Modulation

Modulation: Definition, Types, & Importance of Modulation

Modulation

The picture by TV, sound, and speech are transmitted over hundreds of kilometers by radio transmitters. The message signal due to its low signal strength cannot travel long distances plus there are other factors such as external noise, friction, long-distance which also reduce the signal strength.

In these cases, the carrier of speech and pictures are high-frequency radio waves. The information is superposed on the radio wave. It carries along with it to its destination.

Definition:

The process of combining low-frequency signals with high-frequency radio waves is called modulation. The waveform as a result is called a modulated carrier wave.

Carrier Wave: High-frequency radio wave with high energy in modulation.

Modulation Signal: the low-frequency signal in modulation.

Types of Signals in Modulation

There are three types of signals in modulation used to send messages from source to destination.

Message Signal

The signal having a message to be transmitted from source to destination is a message signal. It is also called modulating or baseband signal.

Carrier Signal

Further Reading:  Capacitors and Capacitance

It is the high frequency and high energy signal which carries no information. It has characteristics like amplification, frequency to carry modulating signal from transmitter to receiver.

Modulated Signal

When the low signal and high-frequency signal combined, the resultant signal formed is called modulated signal.

Types of Modulation

Modulation-types

Amplitude Modulation (A.M)

In this process of modulation amplitude of carrier wave changes according to the signal that is the amplitude of carrier waves changes in amplitude modulation. When there is no signal, the amplitude of the carrier wave is equal to the modulated amplitude but when the signal is present the amplitude of the carrier modifies according to the inconstant value of the signal.

During the positive half cycle of the signal amplitude of the carrier increase to the sum of the amplitude of carrier and signal. During the negative half cycle of the signal amplitude of the carrier increases and becomes equal to the amplitude carrier and the signal.

The transmission frequency ranges from 540 kHz to 1600 kHz.

Advantage

  • They are better to send the signal for large ranges.

Disadvantage

  • These have poor quality transmission of sound.

Applications

  • Broadcast transmissions: AM is still extensively used for transmitting on the long, medium, and short-wave bands.
  • Airband radio: VHF transmissions for numerous airborne applications still use AM.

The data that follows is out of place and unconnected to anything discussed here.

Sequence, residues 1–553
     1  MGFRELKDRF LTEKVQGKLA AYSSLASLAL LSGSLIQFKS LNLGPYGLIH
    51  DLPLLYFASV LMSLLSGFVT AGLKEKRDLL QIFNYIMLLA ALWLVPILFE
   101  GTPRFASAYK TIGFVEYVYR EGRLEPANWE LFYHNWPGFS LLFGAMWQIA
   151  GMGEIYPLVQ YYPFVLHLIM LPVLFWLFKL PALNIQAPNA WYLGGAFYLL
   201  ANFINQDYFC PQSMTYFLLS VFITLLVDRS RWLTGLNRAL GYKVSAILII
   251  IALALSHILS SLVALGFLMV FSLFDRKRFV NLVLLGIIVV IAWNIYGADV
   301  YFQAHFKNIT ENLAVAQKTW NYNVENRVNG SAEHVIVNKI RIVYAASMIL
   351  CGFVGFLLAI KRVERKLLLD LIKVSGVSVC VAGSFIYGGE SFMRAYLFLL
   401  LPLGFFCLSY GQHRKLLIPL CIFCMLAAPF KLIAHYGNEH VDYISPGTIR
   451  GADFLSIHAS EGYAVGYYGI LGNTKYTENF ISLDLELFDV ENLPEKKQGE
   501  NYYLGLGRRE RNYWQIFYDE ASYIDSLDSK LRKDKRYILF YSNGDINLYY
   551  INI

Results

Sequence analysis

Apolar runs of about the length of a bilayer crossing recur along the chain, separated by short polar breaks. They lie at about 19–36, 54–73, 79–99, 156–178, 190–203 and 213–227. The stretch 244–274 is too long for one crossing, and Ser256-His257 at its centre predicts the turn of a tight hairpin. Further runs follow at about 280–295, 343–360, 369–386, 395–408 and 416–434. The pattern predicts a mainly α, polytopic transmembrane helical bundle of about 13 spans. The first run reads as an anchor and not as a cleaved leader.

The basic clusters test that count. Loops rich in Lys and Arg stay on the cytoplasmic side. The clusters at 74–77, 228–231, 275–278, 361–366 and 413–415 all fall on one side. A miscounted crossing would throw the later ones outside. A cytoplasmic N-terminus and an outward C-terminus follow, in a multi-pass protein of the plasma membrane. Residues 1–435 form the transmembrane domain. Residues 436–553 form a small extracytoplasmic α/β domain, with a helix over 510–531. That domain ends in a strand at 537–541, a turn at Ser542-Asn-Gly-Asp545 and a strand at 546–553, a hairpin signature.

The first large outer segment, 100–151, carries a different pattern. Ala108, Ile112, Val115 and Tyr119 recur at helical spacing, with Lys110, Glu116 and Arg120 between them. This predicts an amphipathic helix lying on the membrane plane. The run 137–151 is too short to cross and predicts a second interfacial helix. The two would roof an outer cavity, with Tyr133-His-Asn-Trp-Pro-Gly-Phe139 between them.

Further Reading:  Diffraction Grating: Introduction, Equation and Purpose
Frequency Modulation (F.M)

Frequency modulation is a type of modulation where the information (message signal) is transmitted over a carrier wave by varying its frequency according to the amplitude of the message signal.

In frequency modulation, the amount of change in frequency of the carrier signal is determined by the amplitude of the message signal. The frequency of the modulated wave is high when the message signal reaches its maximum amplitude.

The carrier wave does not carry any information so even if we alter the frequency of the carrier wave, there will be no information loss. Nevertheless, if we change the frequency of the modulating signal, some amount of information loss will happen due to the fact that the modulating signal contains the information. So, the frequency of the modulating signal should not be changed.

The transmission frequency ranges from 88MHz to 108MHz.

Advantage

  • These are less impacted by electrical interference than AM waves.
  • Offers higher quality transmission of sound.

Downside

  • They are less able to travel around obstacles such as high structures, buildings and hills.
  • It needs broader bandwidth than amplitude modulation.

Applications

  • FM broadcasting
  • Radar
  • Magnetic tape-recording systems
Phase modulation

Phase modulation (PM), in which the phase of the carrier wave is varied to reflect changes in the frequency of the information. In PM, the frequency is unchanged while the phase is altered relative to the base carrier frequency. It is similar to FM.

Further Reading:  Nuclear Reactors: Principle, Construction, Fueling and Types of Reactors
Polarization modulation

Polarization modulation, in which the angle of rotation of an optical carrier signal is varied to reflect transmitted data.

Pulse-code modulation

Pulse-code modulation, in which an analog signal is sampled to obtain a data stream that is used to modulate a digital carrier signal.

Quadrature amplitude modulation

Quadrature amplitude modulation (QAM), which uses two AM providers to encode 2 or more bits in a single transmission.

Importance of Modulation

The message signal is low strength signal so cannot travel long distance. The carrier wave cannot carry information. In order to send data in form of audio, pictures, or other forms, the message signal is superimposed on a high-frequency carrier wave and this process is modulation. By modulation, data can easily be transmitted over long distances without loss.